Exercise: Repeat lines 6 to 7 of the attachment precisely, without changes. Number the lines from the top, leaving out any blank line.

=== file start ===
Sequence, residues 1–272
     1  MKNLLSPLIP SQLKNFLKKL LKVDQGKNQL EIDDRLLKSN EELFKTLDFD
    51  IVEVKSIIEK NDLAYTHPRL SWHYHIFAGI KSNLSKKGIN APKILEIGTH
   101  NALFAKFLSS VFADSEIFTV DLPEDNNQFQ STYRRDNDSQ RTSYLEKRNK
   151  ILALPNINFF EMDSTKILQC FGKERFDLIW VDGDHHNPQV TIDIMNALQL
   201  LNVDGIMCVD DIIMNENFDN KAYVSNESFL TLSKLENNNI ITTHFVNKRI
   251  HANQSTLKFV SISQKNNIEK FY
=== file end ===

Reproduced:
   201  LNVDGIMCVD DIIMNENFDN KAYVSNESFL TLSKLENNNI ITTHFVNKRI
   251  HANQSTLKFV SISQKNNIEK FY